We were looking for an outdoor patio cover that was a little different, and that didn’t require major construction either. We found it in shade sails. They are catching on in the SA quickly because of their ease of installation, ability to adjust them to each lighting situation, and let’s face it… they are just plain awesome. If you want to use shade sails to cover your outdoor room, this is how to install them, and to get around the issues these types of coverings present.
Buy your shade sails to cover the area you intend. There are many brands, shapes and sizes. Be careful you don’t purchase ones made of cheap materials, unless you only expect them to last one season. They have lasted us three seasons so far, without fading. They come with all the hardware to hang, though you can buy an extra hardware kit if you need it. You should have mounting brackets and turnbuckles, which tighten to adjust. We preferred to layer several triangle shaped sails, but if you prefer, they come in squares and rectangles too. If I didn’t have Steve to think through the triangle thing, I would have gone with a rectangle. Sounds simpler, but not as cool!
Installing the shade sails is as easy as making sure you have strong supports, such as the side of a building, or a post. Keep in mind, these shade sails require a lot of tension to get them to stretch tight enough so that they look right, and don’t flap around in the wind. Make sure you attach them to a stud on a building, a sturdy metal pole, or learn how to make a wooden post work, as we did. (More on that below!)
The first challenge we encountered is that our sturdy supports were not close enough together to directly attach the three sides of the triangle. We laid out the shade sails on the ground in the manner in which we wanted to hang them, then measured how much we would need to extend each end to reach a fastener. Then we mounted the brackets at each corresponding support with a drill and screws. We got some metal cable and crimps from home depot. The metal cable goes through one end of the crimp, loops through the buckle on the shade sail, then back through the other side of the crimp. See photo, below. Use a hammer to pound the crimp closed, and it locks it tight.
Measure the length to the turnbuckle for the opposite fastener, and create another loop at that end. It doesn’t have to be a perfect measurement because the turnbuckle tightens down. Make sure when you measure the length of your extension wire, the turnbuckle is adjusted at its most open position. That way, you have room to tighten it down. It will tighten more then you think. When you have extension wire made for all the ends that needs it, move to the next step.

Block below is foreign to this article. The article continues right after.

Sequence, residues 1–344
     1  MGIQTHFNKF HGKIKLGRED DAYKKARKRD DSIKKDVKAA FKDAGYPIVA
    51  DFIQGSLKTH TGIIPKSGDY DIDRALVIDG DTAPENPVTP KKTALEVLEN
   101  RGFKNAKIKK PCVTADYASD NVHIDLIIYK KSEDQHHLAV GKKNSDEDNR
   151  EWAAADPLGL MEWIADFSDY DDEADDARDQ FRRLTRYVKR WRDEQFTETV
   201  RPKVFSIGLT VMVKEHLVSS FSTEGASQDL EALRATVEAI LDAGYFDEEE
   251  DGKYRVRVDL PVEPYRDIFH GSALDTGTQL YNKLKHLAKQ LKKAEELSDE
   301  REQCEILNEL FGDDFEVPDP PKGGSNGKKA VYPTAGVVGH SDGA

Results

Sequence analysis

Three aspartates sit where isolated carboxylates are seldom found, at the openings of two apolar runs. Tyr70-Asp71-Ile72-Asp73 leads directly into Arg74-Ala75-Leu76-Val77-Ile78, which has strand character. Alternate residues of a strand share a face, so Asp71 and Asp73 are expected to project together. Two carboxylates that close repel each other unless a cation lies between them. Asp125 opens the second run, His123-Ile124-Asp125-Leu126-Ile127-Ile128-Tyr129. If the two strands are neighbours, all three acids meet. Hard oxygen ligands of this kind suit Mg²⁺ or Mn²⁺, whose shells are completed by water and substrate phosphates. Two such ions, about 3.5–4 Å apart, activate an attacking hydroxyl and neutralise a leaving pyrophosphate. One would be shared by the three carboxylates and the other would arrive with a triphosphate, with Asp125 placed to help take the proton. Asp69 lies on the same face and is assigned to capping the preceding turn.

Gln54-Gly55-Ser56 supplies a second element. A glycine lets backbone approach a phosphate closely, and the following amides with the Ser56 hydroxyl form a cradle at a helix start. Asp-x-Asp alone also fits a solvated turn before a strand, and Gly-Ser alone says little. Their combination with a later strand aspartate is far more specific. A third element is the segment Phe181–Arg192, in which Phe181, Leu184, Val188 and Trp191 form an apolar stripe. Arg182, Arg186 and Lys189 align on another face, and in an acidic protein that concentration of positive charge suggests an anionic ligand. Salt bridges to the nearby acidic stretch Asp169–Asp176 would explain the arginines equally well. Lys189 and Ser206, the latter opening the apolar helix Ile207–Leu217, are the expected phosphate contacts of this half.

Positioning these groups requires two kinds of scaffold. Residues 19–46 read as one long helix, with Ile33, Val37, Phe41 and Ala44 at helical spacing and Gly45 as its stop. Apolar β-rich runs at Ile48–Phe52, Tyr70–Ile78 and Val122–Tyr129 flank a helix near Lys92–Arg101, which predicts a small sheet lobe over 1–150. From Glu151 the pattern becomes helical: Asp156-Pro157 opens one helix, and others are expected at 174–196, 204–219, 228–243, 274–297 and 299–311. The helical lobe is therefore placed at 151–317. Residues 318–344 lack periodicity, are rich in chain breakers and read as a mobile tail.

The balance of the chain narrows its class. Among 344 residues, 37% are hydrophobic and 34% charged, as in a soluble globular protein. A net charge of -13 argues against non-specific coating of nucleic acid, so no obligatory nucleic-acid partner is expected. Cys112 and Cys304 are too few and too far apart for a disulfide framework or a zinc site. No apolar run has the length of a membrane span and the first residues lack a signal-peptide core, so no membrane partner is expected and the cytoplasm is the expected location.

Attach the turnbuckles to the mounting bracket, and loop the extension end of the wire onto the open end of the turnbuckle, tighten each turnbuckle until the sail is taut.
Now you want to really tighten the turnbuckles. We stuck a screwdriver throughout the open body of the turnbuckle, and used it to turn the buckle when it got tight, to tighten it even further. Tighten each end a little at a time, so that all the ends tighten evenly.
We mounted one of our mounting brackets lower on a pole, so that we could angle one of the sails against the afternoon sun.
This last photo, below, gives you a picture of one of our issues with the wooden poles we used as supports. (Please ignore the ugly patio, these photos were right after I moved in!) We installed these poles ourselves for the purpose of mounting the shade sails. (We also hang bird feeders off them!) We used several bags of concrete and buried them two feet under, 4×4 pressure treated lumber. When we attached the extension wires and tightened them down, they still bent! That is what we mean when we say a lot of tension! Possibly that won’t be an issue for you, or you will decide the slight amount of bending of the pole doesn’t bother you, (Steve’s a perfectionist… and it’s a good thing, too, or we never would have pulled this off to look so great! Me? I would have planted a vine on it and called it done. Yes, I can be a little lazy. :)) But if you decide to go with our brilliant plan, we found a fix. We used the same metal cable, and braced the pole by wiring it down to the base of a fence post that is also cemented in the ground, you can see a touch of the cable to the right side of the photo…. I know, sounds like a lot… But it turned out to be awesome! Any questions? In the end we found out that if you need to use poles to attach to, the best thing would be very sturdy 4 to 5 inch (diameter) metal poles.
Want to see more shade sails used to make amazing outdoor spaces? Be inspired!
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